Loughborough University
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Achieving compliance with the World Anti-Doping Code: learning from the implementation of three selected international agreements

posted on 2018-10-25, 09:19 authored by Stacie J. Gray
The scale of the compliance problem that the World Anti-Doping Agency (WADA) faces was recently highlighted by the exposure of state-sponsored doping in Russia and the series of doping scandals within athletics. This study aims to analyse the problems of achieving compliance with the World Anti-Doping Code. Specifically, the study explores the techniques for, and problems of, achieving compliance in three similar international agreements: the UN Convention on the Rights of the Child, the UN Convention on the Rights of Persons with Disabilities and the UN Convention Against Transnational Organised Crime. The Conventions were analysed to identify the range of strategies used to achieve (or at least enhance) the level of compliance with the international conventions, to evaluate their effectiveness as a way of generating ideas for improving compliance with the WADA Code and to assess the comparative success of the WADA. To evaluate compliance, three inter-related bodies of theory were used: regime theory, implementation theory and Mitchell and Chayes (1995) compliance system. Qualitative document analysis was used to analyse documents published by relevant organisations. Semi-structured interviews were also conducted with senior staff members responsible for monitoring compliance at the international and UK domestic level. The results identified a range of strategies used to achieve compliance, including a global annual index of compliance, independent monitoring institutions, whistleblowing and domestic lobbying. It is concluded that the identified strategies have had modest and variable success in improving compliance, yet have the potential to address the problems of achieving compliance with the WADA Code.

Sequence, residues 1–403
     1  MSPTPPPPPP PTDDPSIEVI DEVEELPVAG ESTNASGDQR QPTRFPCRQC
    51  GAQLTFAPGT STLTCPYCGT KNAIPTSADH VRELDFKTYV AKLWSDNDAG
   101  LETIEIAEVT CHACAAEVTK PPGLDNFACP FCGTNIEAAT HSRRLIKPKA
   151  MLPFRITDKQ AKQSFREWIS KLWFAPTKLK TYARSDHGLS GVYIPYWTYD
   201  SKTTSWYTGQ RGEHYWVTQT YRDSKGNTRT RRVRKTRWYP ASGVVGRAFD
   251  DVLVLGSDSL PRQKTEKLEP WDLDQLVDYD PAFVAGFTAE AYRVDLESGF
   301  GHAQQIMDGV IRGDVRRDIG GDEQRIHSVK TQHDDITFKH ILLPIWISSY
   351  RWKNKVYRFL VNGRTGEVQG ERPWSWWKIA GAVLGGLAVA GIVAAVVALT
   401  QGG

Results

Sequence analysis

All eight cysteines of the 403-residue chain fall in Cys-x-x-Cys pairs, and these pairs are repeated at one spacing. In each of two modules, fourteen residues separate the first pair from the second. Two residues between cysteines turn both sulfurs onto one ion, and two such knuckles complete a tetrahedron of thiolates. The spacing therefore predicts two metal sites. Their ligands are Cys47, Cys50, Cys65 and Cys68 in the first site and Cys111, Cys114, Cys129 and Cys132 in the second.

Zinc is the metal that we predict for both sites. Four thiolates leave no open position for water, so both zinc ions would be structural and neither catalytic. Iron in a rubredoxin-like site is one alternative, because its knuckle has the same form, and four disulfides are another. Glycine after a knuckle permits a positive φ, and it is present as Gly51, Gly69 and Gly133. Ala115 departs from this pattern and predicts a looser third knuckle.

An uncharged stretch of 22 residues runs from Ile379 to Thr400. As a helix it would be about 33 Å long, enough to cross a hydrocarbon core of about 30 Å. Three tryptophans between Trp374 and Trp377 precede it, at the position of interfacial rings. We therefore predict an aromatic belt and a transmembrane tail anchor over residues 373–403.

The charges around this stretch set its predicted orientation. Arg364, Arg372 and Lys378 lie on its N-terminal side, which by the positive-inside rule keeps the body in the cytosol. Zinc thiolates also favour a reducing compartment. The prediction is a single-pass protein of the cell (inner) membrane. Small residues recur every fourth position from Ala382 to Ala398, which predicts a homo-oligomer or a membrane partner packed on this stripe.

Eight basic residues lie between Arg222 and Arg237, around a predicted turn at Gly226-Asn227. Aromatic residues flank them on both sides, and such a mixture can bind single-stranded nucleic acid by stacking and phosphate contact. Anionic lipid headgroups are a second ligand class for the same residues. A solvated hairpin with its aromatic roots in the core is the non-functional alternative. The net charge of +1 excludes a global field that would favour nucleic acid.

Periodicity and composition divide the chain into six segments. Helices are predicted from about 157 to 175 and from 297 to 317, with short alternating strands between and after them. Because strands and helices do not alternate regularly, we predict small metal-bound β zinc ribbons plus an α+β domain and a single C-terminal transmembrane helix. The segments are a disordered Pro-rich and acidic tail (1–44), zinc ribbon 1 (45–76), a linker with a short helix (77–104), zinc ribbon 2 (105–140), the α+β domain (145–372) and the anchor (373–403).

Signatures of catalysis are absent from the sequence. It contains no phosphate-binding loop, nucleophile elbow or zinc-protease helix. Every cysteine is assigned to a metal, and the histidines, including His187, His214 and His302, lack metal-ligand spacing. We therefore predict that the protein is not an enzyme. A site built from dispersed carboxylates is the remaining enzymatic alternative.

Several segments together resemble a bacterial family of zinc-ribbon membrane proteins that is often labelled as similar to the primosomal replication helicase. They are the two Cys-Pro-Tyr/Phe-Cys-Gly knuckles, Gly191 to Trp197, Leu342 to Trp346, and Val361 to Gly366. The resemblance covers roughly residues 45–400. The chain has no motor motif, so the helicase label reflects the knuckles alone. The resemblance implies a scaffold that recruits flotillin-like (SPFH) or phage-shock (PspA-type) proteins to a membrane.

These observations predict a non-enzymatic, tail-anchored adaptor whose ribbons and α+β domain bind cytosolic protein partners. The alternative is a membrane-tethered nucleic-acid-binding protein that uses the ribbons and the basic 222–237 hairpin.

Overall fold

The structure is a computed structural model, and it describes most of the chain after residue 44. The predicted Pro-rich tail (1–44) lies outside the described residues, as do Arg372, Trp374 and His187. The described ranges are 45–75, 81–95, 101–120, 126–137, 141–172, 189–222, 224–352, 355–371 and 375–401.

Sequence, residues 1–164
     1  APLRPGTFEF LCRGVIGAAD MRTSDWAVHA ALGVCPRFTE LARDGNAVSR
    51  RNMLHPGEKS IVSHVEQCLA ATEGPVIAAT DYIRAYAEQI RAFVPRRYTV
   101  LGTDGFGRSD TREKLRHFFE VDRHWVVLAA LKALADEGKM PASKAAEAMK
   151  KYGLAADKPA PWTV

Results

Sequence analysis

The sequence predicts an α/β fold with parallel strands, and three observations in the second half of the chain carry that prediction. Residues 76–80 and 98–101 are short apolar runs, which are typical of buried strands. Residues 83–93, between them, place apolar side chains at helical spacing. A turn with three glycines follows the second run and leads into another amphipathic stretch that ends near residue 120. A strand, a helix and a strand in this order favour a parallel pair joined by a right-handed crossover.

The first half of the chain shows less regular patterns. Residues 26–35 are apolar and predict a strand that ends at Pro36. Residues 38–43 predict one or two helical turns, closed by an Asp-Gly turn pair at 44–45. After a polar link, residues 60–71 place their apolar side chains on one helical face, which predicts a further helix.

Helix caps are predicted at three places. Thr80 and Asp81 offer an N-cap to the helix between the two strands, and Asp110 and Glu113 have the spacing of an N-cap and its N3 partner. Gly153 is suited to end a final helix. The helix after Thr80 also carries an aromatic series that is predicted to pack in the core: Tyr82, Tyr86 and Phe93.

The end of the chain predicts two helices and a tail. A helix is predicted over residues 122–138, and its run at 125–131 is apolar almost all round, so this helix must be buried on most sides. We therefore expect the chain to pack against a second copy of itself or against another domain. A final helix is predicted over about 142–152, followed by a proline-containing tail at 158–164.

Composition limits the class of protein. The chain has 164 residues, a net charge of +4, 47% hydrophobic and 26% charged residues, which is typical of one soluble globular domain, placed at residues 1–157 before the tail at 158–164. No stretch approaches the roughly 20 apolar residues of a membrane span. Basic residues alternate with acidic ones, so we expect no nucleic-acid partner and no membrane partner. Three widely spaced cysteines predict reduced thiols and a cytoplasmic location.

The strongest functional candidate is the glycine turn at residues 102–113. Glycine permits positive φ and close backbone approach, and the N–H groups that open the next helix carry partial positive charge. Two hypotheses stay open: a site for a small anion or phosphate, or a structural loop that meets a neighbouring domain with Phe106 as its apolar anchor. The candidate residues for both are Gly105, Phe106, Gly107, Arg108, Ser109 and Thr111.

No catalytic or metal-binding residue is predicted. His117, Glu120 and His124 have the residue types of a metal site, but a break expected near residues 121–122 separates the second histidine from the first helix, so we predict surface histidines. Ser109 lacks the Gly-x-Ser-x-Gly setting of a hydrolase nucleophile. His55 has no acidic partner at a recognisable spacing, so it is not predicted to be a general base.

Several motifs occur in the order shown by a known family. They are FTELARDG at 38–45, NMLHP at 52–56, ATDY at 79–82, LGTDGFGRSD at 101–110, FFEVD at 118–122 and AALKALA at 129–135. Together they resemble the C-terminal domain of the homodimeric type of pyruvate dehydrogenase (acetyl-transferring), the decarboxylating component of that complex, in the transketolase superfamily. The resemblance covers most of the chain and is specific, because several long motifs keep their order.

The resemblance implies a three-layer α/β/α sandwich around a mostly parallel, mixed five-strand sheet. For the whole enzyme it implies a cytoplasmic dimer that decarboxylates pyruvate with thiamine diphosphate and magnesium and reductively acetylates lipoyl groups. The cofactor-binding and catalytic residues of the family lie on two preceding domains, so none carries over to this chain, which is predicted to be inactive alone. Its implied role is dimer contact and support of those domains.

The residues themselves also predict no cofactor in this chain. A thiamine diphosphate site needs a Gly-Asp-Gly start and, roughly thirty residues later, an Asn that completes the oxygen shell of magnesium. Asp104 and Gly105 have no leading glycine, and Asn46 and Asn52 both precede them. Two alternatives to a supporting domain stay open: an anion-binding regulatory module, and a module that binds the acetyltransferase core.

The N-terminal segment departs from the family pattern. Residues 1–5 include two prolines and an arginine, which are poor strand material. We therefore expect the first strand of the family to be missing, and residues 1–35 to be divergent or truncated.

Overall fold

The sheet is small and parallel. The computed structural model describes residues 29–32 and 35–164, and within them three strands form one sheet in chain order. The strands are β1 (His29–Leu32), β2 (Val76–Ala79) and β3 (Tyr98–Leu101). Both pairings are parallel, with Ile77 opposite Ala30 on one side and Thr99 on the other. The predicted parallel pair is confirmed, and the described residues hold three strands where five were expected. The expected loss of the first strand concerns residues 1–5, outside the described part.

Loughborough University (studentship).



  • Sport, Exercise and Health Sciences


© Stacie Gray

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This work is made available according to the conditions of the Creative Commons Attribution-NonCommercial-NoDerivatives 4.0 International (CC BY-NC-ND 4.0) licence. Full details of this licence are available at: https://creativecommons.org/licenses/by-nc-nd/4.0/

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A Doctoral Thesis. Submitted in partial fulfilment of the requirements for the award of Doctor of Philosophy of Loughborough University.


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